Water pollution is just one of many environmental concerns affecting the state of Georgia. Harmful chemicals and toxic substances find their way into our lakes, streams, and oceans, jeopardizing the health of ecosystems around the state as well as human health. Even though this seems like a daunting issue, an answer to this problem might be sitting in your own backyard in the form of a rain garden.Why Its Newsworthy: Rain gardens can be an effective method of water conservation and help remove pollutants from water runoff in your community.
What is a Rain Garden?
A rain garden is an area of land in which rainwater naturally pools and then slowly soaks into the ground. These gardens are often full of native plants, insects, and animals and can serve as a means of water conservation.
Rain gardens are a type of water retention feature in landscaping that allows for water runoff from storms to be absorbed slowly. These gardens are just one example of a ‘bioretention’ system that can help the land naturally capture rainwater, filter pollutants, and recharge ground water.
Since rain gardens can be an easy way to manage rainwater, some residents around Athens, Georgia, are installing rain gardens in their own backyards. City Garden Company, a landscaping company that serves the Atlanta metro area and Athens, Georgia, installs “urban nature gardens” meant to attract insects and birds as well as capture and conserve rainwater.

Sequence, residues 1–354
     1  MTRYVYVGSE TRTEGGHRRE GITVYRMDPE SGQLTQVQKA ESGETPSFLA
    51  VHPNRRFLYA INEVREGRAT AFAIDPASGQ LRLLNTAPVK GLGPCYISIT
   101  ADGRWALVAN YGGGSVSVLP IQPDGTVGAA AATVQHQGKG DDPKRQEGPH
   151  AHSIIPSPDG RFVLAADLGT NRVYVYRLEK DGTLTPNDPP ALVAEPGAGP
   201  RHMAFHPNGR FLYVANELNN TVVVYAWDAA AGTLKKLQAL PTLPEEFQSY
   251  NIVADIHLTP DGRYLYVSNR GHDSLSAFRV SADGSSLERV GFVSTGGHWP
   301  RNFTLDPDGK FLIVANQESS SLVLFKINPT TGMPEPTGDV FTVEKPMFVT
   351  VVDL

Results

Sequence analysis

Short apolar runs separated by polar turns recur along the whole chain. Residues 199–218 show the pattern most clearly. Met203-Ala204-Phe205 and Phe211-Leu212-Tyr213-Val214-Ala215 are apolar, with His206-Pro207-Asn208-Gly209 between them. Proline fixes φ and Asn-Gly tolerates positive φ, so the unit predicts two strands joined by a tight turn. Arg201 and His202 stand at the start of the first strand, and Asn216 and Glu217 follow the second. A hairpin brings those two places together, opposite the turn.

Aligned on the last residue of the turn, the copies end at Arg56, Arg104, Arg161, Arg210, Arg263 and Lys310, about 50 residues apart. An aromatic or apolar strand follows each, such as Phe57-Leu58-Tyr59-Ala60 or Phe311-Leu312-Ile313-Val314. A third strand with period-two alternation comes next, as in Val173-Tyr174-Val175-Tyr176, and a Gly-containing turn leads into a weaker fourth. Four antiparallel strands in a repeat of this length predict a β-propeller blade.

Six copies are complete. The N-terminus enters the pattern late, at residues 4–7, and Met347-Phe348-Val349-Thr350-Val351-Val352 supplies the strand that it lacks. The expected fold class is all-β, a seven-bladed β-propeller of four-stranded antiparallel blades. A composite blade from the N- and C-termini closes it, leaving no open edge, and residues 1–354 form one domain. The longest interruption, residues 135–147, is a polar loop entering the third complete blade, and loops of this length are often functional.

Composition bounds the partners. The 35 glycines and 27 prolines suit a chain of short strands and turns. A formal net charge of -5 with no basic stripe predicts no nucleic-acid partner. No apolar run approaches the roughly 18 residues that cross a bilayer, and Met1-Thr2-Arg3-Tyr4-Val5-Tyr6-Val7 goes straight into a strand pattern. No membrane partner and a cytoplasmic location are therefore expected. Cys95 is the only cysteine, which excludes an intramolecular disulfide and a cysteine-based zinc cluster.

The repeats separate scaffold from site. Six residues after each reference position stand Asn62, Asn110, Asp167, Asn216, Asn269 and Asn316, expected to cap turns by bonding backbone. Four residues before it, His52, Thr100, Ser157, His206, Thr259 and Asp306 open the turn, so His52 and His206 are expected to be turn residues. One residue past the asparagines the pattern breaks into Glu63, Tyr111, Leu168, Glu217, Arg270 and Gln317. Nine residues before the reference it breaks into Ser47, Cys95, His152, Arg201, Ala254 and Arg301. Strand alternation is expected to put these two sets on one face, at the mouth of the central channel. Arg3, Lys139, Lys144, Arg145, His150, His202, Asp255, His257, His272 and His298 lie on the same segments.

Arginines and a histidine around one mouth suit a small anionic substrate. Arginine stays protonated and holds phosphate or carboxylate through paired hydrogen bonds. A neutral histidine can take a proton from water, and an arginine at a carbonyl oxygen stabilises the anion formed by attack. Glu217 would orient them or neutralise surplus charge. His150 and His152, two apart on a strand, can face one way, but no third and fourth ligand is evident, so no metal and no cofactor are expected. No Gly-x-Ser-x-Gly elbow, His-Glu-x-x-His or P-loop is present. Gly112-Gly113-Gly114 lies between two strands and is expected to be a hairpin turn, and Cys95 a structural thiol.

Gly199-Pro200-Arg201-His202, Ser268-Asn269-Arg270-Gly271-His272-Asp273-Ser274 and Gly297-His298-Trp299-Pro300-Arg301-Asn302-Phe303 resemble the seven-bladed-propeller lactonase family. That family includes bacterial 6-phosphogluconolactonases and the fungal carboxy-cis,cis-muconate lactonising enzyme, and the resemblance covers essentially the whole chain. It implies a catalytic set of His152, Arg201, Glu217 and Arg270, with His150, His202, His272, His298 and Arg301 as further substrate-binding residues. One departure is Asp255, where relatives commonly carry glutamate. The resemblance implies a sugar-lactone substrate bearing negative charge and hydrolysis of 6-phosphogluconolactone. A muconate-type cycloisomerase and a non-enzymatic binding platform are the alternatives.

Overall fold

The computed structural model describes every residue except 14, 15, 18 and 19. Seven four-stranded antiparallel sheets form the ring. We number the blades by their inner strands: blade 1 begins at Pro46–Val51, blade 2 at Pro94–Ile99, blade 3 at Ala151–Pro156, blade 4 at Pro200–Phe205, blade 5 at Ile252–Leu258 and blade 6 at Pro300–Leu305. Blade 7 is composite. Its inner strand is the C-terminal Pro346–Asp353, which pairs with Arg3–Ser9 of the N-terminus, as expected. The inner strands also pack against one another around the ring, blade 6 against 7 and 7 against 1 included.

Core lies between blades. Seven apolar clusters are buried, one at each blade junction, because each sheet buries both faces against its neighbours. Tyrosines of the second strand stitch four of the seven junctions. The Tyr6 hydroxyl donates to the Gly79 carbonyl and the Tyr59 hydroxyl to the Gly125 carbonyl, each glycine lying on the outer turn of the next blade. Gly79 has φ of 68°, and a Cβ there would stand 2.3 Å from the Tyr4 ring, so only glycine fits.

“It’s just a really good way of managing water on your property,” said Danielle Calenti, Operations Manager of City Garden Company. She also went on to say, “When you have a property that’s sloping and there’s a lot of water washing off of the property and down into the street or down onto a neighbor’s property, it helps to keep the rainwater on the property and make use of it.”
Without a rain garden installation, the customer’s yard could potentially flood with polluted water. This can happen because “as rainwater flows across our yards, patios, parking lots, and other hard surfaces, the water picks up oil, pet waste, fertilizer, sediments, and other pollutants,” notes the Watershed Institute in an article detailing examples of green infrastructure.
The water that would otherwise pool or drain off the property can now be slowly filtered through a garden full of native plants and river rock.
The types of plants included in a rain garden can make or break its success in filtering and conserving water. These plants will have to be able to tolerate both drought and flooding.
“You just have to kind of select the plants that are tolerable of both very wet conditions and very dry conditions. And obviously, that’s quite a tall order, right? So there are plants that will tolerate that and maybe even thrive because if they can make it in those conditions, they have an advantage over other plants that can’t,” said Calenti.
Consistently wet and often flooded areas can be quite a challenge for landscapers and gardeners. Luckily, plants native to the state of Georgia – perennials, shrubs and trees – can take on that challenge. For example, perennials such as swamp sunflowers, lady ferns, and jewelweed are native plants to Georgia that can tolerate the conditions created by a rain garden.